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CD Review

Leoš Janáček

Diary of One Who Disappeared

Ian Bostridge, tenor
Ruby Philogene, messo-soprano
Thomas Adès, piano
EMI 5 57219 2
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Leoš Janáček's "The Diary of One Who Disappeared," half chamber opera, half song cycle, is based on a literary hoax whose origins have just recently been discovered. Everyone – including Janáček – thought an obscure "unlettered son of the soil" had written the poems, but in 1997 a historian discovered a letter in which the poet Josef Kalda bragged that he had penned them. No matter, for Janáček's crafting of these romantic songs of yearing is brilliant. In VI, for example, the poet/plowman chides his oxen in harsh staccato notes to keep their eyes from the elder trees. Then the song abruptly shifts tone to a tender portamento reverie, as he tries to keep his own eyes from the branches through which he can see his beloved. The piano ends the song with the same driving phrases as it began. The beloved enters the cycle in IX and has a seductive dialog with the poet, who is now addressed as "Janáček." (Apparently the composer wanted to make it perfectly clear to Kamila Stöslová, his own unrequited love, who the songs were about.)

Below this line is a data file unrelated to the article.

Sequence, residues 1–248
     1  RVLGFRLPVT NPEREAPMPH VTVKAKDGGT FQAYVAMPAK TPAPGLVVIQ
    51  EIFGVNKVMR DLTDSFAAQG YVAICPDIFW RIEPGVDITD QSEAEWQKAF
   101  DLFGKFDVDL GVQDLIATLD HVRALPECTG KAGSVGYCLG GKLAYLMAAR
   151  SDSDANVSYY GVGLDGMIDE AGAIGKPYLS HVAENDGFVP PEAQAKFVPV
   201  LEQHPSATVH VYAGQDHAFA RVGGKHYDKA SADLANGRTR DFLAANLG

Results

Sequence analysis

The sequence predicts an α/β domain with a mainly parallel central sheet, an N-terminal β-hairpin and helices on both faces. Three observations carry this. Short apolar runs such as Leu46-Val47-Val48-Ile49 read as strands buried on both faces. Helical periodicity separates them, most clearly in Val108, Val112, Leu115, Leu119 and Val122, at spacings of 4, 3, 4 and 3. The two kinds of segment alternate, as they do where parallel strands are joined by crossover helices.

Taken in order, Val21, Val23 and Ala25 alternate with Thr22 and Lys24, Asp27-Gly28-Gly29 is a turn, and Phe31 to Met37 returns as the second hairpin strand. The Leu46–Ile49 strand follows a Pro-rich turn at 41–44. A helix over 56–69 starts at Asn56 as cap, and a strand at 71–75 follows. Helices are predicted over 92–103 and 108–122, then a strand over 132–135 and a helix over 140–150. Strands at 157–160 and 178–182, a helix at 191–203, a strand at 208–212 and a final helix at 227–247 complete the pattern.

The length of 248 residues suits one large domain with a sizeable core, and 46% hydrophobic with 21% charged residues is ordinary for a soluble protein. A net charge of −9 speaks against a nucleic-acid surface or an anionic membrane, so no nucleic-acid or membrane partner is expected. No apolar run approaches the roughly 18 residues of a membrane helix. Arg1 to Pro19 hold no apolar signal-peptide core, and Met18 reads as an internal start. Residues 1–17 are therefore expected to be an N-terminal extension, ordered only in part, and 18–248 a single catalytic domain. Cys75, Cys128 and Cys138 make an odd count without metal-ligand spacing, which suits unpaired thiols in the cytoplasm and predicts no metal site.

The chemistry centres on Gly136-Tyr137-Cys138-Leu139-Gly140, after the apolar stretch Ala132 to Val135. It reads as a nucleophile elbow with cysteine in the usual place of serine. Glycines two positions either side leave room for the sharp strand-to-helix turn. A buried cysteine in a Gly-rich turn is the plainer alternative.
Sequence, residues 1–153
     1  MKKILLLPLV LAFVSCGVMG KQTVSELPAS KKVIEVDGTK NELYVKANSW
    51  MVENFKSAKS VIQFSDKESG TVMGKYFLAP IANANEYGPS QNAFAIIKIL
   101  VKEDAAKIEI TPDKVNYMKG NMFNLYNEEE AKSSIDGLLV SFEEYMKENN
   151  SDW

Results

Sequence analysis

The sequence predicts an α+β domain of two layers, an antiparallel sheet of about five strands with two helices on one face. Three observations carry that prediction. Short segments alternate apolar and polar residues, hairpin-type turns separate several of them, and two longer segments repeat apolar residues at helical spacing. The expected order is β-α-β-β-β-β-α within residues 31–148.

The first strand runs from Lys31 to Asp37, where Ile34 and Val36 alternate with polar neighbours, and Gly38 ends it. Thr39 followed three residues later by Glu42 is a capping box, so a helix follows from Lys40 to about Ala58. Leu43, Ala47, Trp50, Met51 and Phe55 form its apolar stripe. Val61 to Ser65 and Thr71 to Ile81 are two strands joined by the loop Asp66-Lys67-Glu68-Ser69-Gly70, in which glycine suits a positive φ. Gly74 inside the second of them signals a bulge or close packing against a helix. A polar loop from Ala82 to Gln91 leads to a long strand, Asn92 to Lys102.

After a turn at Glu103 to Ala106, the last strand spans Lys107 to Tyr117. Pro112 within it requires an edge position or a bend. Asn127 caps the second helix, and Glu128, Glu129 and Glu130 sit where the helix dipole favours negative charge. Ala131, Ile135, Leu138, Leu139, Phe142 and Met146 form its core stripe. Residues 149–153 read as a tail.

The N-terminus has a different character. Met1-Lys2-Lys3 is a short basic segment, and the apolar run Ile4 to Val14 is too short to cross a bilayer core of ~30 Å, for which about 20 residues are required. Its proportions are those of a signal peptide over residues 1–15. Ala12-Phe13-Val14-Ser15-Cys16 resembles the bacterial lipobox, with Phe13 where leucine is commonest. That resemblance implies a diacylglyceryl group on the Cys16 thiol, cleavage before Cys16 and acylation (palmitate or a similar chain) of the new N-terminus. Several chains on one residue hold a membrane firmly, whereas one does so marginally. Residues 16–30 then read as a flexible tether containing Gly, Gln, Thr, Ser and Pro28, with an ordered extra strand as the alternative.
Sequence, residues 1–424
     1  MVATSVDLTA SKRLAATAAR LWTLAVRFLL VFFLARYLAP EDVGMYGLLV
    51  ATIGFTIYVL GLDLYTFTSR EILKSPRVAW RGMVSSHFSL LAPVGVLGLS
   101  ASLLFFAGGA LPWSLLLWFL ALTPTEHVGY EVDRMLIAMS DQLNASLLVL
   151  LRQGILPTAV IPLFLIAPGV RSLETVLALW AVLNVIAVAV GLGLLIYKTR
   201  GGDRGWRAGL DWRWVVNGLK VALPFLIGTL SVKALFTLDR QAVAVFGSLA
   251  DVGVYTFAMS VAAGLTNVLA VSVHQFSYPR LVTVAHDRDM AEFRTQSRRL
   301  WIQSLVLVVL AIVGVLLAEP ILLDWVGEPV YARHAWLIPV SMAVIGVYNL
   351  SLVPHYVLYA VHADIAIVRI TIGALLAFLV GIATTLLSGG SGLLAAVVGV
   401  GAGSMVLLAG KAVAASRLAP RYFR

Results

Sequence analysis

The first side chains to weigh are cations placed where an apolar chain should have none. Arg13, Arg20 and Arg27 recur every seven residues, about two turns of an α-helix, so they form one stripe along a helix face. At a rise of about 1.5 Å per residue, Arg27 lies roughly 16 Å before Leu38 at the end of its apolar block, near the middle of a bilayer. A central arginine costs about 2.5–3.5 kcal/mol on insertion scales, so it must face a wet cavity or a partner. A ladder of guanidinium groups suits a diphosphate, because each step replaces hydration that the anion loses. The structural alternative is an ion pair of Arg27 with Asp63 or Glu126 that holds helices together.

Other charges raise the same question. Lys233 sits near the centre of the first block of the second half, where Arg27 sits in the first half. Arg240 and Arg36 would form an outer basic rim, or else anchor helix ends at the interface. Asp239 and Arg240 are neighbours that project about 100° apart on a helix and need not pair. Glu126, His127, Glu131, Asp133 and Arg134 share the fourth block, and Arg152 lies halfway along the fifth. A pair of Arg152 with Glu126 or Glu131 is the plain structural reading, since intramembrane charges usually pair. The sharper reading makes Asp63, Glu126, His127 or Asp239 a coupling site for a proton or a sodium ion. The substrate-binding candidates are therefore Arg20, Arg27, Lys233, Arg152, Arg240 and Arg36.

Tenor Ian Bostridge creates the same sense of frustration and awe as he did in Schubert's "Die Schöne Mullerin" cycle six years ago, although his voice has grown less callow over the years. While the interchange between him and sultry mezzo-soprano Ruby Philogene generates smoldering heat, the distant chorus describing the seduction is cool and detatched because it is miked too subtly. In fact, whenever the chorus appears, you can barely hear it. Otherwise, this is an excellent recording of a long-neglected work. Earlier versions of two of the songs are included, providing some historical interest. Pianist Thomas Adès performs the Moravian Folksongs with the same honest and careful workmanship that he applies as accompanist to the song cycle. There is not much idiosyncrasy in his playing, yet there is style as he faithfully records Janáček's lyrical, rhythmic, and sometimes humorous pieces, most of which are charming miniatures less than a minute long. A final piano cycle includes more popular pieces, including the somber "In Memorium," the ten-second "The Golden Ring," and one puzzling sacred song.

Copyright © 2002, Peter Bates